The post was written to help PMP aspirants answer some tricky questions reared to Risk and Procurement in the exam. The post can be read by following the below link
I received some practical & thought provoking comments against my post from a very experienced Project Manager & an esteemed educationist. His name is Peter O’Neill and you can look at his profile at
I am reproducing his comments verbatim. Hope the comments will be useful in practical situations.
Hi, Praveen. You make some good basic points about contract types and risk – thanks. However, it may be worth encouraging readers to consider other factors in order to fully understand the risk distribution. Take the (very common) statement that – in a fixed price contract – the risk is higher for the vendor than the buyer. However, 3 additional factors impact the distribution.
First – how predictable is the price? If the price is highly predictable, the vendor may have almost no risk for a guaranteed profit, while the vendor may incur the risk of the total cost of procurement being inflated due to the cost of developing fixed price RFQs and the restrictions that fixed price bidding may place on potential vendor choice.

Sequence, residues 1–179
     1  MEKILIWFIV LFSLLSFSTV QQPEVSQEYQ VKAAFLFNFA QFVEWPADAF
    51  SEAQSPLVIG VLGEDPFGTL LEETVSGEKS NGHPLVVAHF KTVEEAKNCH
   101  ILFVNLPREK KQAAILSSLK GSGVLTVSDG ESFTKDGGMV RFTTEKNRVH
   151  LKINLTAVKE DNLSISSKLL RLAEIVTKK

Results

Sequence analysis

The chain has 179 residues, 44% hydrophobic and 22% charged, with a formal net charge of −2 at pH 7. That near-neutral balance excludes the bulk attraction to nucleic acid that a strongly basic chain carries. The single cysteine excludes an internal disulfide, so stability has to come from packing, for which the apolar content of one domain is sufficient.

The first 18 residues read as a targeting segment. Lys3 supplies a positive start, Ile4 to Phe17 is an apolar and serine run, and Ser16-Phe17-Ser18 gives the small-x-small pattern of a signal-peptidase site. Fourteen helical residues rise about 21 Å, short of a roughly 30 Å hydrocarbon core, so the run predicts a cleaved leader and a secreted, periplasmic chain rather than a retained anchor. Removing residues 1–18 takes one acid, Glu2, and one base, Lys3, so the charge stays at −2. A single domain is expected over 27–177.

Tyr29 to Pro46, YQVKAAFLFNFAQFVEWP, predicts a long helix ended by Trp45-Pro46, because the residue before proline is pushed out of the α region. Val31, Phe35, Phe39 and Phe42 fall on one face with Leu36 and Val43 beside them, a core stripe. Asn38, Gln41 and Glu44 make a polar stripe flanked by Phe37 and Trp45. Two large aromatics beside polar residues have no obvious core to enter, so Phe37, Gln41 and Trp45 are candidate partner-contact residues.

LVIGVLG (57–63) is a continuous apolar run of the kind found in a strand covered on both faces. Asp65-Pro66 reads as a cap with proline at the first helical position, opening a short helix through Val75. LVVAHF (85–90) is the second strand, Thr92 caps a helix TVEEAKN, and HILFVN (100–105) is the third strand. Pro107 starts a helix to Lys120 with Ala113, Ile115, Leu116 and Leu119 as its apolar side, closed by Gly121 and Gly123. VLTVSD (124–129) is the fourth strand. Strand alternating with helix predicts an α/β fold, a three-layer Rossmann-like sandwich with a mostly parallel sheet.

Second – Do both parties have equal knowledge of the price uncertainty? Typically the vendor has a better knowledge and this may mean a bid with almost zero downside risk and potentially high profit by accurately factoring a generous risk contingency into the price.
Third – and by far the most important – how sure is the buyer that they can 1. accurately define the scope covered by the contract and 2. are unlikely to need to change the scope during the contract. Too many vendors make most of their profit from low ‘fixed price’ bids – knowing that the two factors will generate a number of variation requests (and will glumly shake their heads and say “You want us to do what? Oh, dear – that’s going to be very, very expensive….).
Best wishes, Peter.